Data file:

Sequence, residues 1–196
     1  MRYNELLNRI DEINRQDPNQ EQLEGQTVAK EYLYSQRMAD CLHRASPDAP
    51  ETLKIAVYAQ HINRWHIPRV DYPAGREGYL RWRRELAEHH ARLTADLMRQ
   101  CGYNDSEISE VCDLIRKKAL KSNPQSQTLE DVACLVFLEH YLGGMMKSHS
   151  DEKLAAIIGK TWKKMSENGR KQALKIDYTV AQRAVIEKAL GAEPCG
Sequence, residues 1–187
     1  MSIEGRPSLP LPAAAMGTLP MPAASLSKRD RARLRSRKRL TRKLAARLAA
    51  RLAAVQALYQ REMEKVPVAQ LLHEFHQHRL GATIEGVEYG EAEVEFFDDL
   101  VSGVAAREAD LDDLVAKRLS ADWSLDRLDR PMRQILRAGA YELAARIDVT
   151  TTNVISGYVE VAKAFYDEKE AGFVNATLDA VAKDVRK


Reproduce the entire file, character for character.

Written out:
Sequence, residues 1–196
     1  MRYNELLNRI DEINRQDPNQ EQLEGQTVAK EYLYSQRMAD CLHRASPDAP
    51  ETLKIAVYAQ HINRWHIPRV DYPAGREGYL RWRRELAEHH ARLTADLMRQ
   101  CGYNDSEISE VCDLIRKKAL KSNPQSQTLE DVACLVFLEH YLGGMMKSHS
   151  DEKLAAIIGK TWKKMSENGR KQALKIDYTV AQRAVIEKAL GAEPCG
Sequence, residues 1–187
     1  MSIEGRPSLP LPAAAMGTLP MPAASLSKRD RARLRSRKRL TRKLAARLAA
    51  RLAAVQALYQ REMEKVPVAQ LLHEFHQHRL GATIEGVEYG EAEVEFFDDL
   101  VSGVAAREAD LDDLVAKRLS ADWSLDRLDR PMRQILRAGA YELAARIDVT
   151  TTNVISGYVE VAKAFYDEKE AGFVNATLDA VAKDVRK